Are Troops Best Suited for Post-Combat Civilian Duties?

By Matthew Rusling
In today’s wars, the Army needs more than just soldiers. To help rebuild Iraq and Afghanistan, the Army Reserve is using troops who were lawyers, accountants, teachers and soybean farmers in their civilian lives.

“You’re still building schools and delivering babies even though there’s a war going on,” said Col. Margaret Bond, an Army Reserve lawyer and former Staff Judge Advocate for the 352nd Civil Affairs Command.

Conflict and post-conflict phases of war, which were once separate, are melding together, she said.

The Army once snubbed the business of nation-building. Reconstruction
and economic development duties were considered the purview of the State Department or non-governmental aid organizations, known as NGOs.

Bond said current conflicts have demonstrated that the military is sometimes more capable of nation building than civilian NGOs, because it can negotiate dangerous areas where civilians can’t go.

“In some circumstances, nation building is impeded unless soldiers are doing it,” Bond said.

If insurgents, for example, cut a neighborhood’s electricity by knocking down power lines, U.S. troops might bring in a generator, she said.  Typically NGO workers would do that but only if they can be sure that they are not going to be fired on, she said. And unlike the military, civilian agencies are unable to deploy as rapidly to troubled regions.

Most NGOs don’t have the means to quickly reach civilians trapped in war zones, she said. “Every day people have to have food, shelter and clothing … They need hospitals, schools, transportation and economic interaction.”

NGO supply lines are often fragile, unless they are using military transportation, Bond said. If an NGO uses its own transport and warehousing, for example, it often has to contract the hauling out to locals. Many are forced to pay bribes to get their goods through. But the amount of food, water, and medical supplies often dwindles down to
little or nothing once it reaches its destination, she said. “All of these items are valuable on black markets,” Bond said.

Tapping the military for humanitarian missions would ensure a faster response, Bond said. Troops could land in prison for refusing an order, whereas civilians have the right to decline tasks they deem too risky. Or they could be barred by their agencies from entering certain conflict zones considered too dangerous. The U.S. Agency for International Development, the chief arm of the State Department in disseminating U.S. aid, hires scores of private
contractors to implement its programs. But those added layers of bureaucracy can slow response to crises, Bond said.

The military can also bring in medics to conduct limited medical operations at local clinics. “It wins a lot of hearts and minds when you are taking care of babies,” Bond said.  And if there is a need for supplies where bullets are whizzing by, the military could arrive there infinitely faster than a civilian organization, she said. Helicopters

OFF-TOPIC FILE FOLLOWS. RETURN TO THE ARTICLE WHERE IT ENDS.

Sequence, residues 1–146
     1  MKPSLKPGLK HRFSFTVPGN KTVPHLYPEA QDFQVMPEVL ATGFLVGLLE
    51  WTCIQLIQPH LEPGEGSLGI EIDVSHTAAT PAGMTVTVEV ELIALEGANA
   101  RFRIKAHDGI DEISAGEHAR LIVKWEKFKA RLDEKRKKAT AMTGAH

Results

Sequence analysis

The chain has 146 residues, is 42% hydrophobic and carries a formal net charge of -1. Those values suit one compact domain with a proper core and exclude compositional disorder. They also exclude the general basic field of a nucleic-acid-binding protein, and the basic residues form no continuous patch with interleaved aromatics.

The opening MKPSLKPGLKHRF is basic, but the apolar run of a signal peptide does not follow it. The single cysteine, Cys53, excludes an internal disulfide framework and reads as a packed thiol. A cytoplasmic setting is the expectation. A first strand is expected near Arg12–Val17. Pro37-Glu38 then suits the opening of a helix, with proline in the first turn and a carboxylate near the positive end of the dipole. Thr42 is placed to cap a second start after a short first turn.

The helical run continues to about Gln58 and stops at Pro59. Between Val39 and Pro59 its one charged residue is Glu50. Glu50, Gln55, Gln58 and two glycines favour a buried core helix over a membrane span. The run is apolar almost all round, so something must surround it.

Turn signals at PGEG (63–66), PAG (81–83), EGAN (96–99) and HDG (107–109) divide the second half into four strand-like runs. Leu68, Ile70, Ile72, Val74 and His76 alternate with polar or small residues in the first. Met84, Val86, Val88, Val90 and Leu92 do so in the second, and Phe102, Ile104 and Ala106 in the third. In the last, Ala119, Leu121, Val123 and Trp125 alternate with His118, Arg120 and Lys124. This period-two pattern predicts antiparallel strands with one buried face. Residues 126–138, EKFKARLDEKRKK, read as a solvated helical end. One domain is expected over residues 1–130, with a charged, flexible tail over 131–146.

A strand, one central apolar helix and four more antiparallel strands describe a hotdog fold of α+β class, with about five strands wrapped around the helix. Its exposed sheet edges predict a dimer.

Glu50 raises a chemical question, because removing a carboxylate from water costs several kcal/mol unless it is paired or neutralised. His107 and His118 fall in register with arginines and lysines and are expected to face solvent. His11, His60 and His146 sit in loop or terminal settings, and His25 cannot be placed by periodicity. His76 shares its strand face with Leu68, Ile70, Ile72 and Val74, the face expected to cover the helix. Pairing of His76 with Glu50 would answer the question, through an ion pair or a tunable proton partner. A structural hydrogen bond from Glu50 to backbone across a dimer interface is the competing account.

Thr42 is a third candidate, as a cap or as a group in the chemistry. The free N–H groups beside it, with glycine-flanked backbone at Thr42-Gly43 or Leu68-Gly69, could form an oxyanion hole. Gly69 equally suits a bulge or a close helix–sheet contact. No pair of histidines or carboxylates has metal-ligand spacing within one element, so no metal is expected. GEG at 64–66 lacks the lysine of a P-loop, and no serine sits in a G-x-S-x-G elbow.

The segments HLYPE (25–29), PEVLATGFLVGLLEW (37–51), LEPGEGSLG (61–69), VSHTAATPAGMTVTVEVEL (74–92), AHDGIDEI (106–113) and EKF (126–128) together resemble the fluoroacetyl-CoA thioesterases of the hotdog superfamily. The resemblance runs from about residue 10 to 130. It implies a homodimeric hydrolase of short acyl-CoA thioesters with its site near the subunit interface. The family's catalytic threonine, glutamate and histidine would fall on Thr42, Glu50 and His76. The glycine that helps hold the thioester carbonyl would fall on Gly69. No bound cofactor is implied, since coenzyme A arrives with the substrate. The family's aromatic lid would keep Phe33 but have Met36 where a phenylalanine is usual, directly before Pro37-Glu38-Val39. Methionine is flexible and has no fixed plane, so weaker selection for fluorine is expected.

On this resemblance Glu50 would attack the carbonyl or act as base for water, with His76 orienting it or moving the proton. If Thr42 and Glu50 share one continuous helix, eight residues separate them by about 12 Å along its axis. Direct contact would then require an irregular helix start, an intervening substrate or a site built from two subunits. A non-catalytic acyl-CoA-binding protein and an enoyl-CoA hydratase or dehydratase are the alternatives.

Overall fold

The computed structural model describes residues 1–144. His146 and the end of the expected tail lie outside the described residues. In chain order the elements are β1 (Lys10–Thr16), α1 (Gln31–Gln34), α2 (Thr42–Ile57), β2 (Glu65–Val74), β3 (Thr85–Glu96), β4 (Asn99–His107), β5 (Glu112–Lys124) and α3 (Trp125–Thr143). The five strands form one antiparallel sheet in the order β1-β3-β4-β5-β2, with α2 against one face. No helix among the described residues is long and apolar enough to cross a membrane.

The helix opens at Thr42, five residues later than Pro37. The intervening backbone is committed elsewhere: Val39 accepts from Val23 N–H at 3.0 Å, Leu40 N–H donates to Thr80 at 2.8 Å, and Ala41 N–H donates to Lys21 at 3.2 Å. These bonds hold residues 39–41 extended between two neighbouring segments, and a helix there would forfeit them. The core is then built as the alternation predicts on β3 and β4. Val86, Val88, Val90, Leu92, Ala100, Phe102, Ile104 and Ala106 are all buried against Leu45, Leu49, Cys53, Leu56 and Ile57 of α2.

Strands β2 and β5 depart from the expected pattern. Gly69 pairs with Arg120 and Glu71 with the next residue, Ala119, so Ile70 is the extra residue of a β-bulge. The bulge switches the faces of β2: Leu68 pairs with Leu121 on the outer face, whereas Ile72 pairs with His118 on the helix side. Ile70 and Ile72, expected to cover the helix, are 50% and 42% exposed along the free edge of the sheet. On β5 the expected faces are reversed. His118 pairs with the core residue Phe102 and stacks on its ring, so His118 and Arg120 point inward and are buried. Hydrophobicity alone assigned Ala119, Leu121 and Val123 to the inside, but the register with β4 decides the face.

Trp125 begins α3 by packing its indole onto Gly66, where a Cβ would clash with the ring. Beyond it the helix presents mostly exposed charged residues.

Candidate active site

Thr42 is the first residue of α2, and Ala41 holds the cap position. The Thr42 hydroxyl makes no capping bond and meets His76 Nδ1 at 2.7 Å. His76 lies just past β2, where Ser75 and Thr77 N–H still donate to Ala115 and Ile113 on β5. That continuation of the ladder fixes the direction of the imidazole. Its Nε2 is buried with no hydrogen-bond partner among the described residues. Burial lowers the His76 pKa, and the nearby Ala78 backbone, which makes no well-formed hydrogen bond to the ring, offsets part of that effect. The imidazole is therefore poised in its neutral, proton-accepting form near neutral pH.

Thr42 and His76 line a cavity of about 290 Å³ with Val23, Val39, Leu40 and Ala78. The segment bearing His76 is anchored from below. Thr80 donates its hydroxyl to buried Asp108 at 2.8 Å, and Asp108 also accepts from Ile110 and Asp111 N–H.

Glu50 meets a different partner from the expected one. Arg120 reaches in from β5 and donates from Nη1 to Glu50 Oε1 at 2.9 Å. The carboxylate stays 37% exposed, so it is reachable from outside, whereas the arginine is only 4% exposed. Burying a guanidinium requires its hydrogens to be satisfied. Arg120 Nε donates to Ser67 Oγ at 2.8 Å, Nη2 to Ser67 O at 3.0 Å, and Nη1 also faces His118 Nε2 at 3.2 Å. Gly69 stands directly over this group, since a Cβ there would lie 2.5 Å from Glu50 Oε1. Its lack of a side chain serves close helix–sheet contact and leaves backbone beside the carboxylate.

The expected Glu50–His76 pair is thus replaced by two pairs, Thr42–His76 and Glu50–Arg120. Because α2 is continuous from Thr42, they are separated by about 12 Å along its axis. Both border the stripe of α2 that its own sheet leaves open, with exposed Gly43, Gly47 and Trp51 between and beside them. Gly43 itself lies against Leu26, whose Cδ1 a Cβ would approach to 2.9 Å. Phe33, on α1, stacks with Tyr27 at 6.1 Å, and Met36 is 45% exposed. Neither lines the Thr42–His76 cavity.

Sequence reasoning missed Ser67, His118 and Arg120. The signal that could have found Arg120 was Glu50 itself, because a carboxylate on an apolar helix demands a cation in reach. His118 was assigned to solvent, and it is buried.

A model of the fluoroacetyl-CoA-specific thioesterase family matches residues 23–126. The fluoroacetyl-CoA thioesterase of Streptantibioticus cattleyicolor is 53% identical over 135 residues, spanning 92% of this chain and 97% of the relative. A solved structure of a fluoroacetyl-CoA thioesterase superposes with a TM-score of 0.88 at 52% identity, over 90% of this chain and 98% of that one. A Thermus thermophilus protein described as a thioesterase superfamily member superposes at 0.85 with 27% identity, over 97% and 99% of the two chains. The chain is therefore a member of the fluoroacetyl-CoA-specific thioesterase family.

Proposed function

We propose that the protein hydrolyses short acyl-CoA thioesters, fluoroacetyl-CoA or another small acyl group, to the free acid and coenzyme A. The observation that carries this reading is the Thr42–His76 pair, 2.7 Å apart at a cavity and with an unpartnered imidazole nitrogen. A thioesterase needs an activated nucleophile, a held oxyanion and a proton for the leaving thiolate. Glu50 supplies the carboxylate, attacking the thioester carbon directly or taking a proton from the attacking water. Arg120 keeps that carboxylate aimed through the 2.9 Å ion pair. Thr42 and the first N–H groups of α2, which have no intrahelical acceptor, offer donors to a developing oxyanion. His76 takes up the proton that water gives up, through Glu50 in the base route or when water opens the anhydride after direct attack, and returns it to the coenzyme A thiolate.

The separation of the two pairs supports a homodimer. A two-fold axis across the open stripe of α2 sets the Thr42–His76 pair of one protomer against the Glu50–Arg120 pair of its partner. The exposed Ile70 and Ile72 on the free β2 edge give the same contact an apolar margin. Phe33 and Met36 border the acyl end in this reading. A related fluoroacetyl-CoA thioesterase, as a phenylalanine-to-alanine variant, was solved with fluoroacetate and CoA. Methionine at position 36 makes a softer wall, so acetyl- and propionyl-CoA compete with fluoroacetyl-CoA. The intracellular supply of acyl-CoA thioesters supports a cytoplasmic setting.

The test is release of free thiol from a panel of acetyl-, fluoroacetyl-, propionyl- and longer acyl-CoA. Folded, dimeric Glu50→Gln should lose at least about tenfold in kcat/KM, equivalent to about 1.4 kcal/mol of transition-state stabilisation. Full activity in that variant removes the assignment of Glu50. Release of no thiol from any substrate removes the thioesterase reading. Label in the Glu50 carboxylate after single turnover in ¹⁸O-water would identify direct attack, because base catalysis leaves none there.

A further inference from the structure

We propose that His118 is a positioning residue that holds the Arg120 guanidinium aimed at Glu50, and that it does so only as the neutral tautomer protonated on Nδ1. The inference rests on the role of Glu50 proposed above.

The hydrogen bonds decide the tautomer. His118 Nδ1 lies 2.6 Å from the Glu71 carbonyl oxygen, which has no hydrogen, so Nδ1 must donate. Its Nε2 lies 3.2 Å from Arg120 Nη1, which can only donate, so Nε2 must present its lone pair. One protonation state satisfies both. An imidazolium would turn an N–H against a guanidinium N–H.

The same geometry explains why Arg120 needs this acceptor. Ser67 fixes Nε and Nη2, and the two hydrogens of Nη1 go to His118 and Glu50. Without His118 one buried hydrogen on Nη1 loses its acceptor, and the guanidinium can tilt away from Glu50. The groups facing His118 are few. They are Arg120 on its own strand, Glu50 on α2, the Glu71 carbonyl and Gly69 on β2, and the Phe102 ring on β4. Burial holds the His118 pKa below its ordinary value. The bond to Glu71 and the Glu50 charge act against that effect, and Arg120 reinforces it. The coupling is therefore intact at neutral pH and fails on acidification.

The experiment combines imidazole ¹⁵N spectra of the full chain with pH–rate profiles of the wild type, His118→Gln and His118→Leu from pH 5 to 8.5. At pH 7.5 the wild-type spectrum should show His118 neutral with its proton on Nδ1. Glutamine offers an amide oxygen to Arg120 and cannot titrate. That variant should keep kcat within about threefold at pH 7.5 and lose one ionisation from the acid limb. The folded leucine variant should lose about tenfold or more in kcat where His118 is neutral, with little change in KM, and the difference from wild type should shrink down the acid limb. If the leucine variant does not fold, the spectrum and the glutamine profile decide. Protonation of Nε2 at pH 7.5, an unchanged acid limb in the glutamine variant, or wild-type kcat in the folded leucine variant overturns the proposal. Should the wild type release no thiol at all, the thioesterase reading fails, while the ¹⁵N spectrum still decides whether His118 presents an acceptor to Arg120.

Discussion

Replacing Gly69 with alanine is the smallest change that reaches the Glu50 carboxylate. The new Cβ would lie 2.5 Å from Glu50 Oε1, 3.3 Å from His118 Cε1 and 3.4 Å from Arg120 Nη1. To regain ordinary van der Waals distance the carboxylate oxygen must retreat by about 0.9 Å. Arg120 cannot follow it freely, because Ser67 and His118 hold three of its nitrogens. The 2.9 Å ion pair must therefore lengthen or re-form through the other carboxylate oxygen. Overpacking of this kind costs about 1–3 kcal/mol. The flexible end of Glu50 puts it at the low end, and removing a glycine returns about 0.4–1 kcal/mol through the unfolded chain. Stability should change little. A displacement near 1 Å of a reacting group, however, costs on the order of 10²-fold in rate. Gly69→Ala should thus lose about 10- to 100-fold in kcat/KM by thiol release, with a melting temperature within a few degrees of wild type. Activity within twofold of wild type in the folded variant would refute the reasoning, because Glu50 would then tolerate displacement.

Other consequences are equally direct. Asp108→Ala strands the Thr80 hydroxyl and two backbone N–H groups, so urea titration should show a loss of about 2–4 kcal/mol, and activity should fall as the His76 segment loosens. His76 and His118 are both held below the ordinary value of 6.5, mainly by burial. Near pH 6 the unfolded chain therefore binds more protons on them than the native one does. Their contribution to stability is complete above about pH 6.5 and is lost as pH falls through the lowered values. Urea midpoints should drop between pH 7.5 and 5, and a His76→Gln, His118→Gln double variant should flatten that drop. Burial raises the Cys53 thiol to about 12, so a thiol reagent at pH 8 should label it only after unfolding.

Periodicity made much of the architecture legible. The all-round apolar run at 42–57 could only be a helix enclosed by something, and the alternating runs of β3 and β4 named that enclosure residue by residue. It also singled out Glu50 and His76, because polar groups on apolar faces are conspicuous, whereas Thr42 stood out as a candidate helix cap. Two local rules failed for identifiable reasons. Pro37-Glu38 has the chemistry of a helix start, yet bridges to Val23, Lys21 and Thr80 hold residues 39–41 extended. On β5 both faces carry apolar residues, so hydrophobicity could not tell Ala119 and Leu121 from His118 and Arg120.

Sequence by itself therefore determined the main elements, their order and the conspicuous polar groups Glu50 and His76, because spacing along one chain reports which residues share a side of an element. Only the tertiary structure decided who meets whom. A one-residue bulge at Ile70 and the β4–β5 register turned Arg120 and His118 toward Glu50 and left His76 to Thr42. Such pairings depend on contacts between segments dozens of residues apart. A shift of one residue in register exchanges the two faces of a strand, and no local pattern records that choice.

can reach places that most commercial airplanes can’t, and can return fire. Military communications use longer-range terrestrial radios and satellite based communications with more bandwidth than most civilian
agencies have available, Bond said.

But there are risks associated with employing troops in non-combat duties, said Dave Tretler, professor of strategy at the National War College. Deploying soldiers for anything but war fighting could invite unexpected backlash, he said.

“You are Joe Civilian, and you’ve got armed troops in your neighborhood doing developmental things,” he explains. “Now your reaction might be ‘well isn’t that nice … But your reaction also might be ‘well, damn. 
Here’s just another manifestation of this other country’s ability to come in with force and do to us whatever they choose.’”

Under such circumstances, you have got the makings of an insurgency, Tretler said.

“We tend to think of this as ‘why wouldn’t these people see this as just another sign of American good will?” Some undoubtedly do. Others do not, Tretler said.

The more the military tries to improve developing world conditions, the more the military becomes the face of the United States, Tretler said. “Historically, as the world is confronted with a single power that appears to have a larger and more pervasive military face, the more resistant the world becomes to that,” Tretler said.

Secretary of Defense Robert Gates recently expressed concern that the military is increasingly involved in activities once handled by civilian organizations.

“This has led to concern among many organizations…about what’s seen as a creeping ‘militarization’ of some aspects of America’s foreign policy,” he said. “This is not an entirely unreasonable sentiment,” he

Topics: Counterinsurgency, Urban Warfare, Defense Department, Interagency Issues, Special Operations-Low Intensity Conflict, Army News

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